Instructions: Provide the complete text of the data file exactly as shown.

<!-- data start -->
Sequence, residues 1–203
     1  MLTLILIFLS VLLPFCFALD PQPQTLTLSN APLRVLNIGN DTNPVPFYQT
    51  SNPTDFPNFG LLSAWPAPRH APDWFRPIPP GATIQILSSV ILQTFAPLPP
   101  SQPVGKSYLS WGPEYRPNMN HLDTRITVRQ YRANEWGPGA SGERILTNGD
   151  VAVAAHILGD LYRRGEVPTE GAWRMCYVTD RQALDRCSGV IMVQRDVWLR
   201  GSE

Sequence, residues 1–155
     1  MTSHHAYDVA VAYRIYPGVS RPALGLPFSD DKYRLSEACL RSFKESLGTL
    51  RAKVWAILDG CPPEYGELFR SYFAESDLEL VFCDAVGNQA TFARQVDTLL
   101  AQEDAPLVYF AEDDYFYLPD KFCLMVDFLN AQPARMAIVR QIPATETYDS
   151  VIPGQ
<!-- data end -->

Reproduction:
Sequence, residues 1–203
     1  MLTLILIFLS VLLPFCFALD PQPQTLTLSN APLRVLNIGN DTNPVPFYQT
    51  SNPTDFPNFG LLSAWPAPRH APDWFRPIPP GATIQILSSV ILQTFAPLPP
   101  SQPVGKSYLS WGPEYRPNMN HLDTRITVRQ YRANEWGPGA SGERILTNGD
   151  VAVAAHILGD LYRRGEVPTE GAWRMCYVTD RQALDRCSGV IMVQRDVWLR
   201  GSE

Sequence, residues 1–155
     1  MTSHHAYDVA VAYRIYPGVS RPALGLPFSD DKYRLSEACL RSFKESLGTL
    51  RAKVWAILDG CPPEYGELFR SYFAESDLEL VFCDAVGNQA TFARQVDTLL
   101  AQEDAPLVYF AEDDYFYLPD KFCLMVDFLN AQPARMAIVR QIPATETYDS
   151  VIPGQ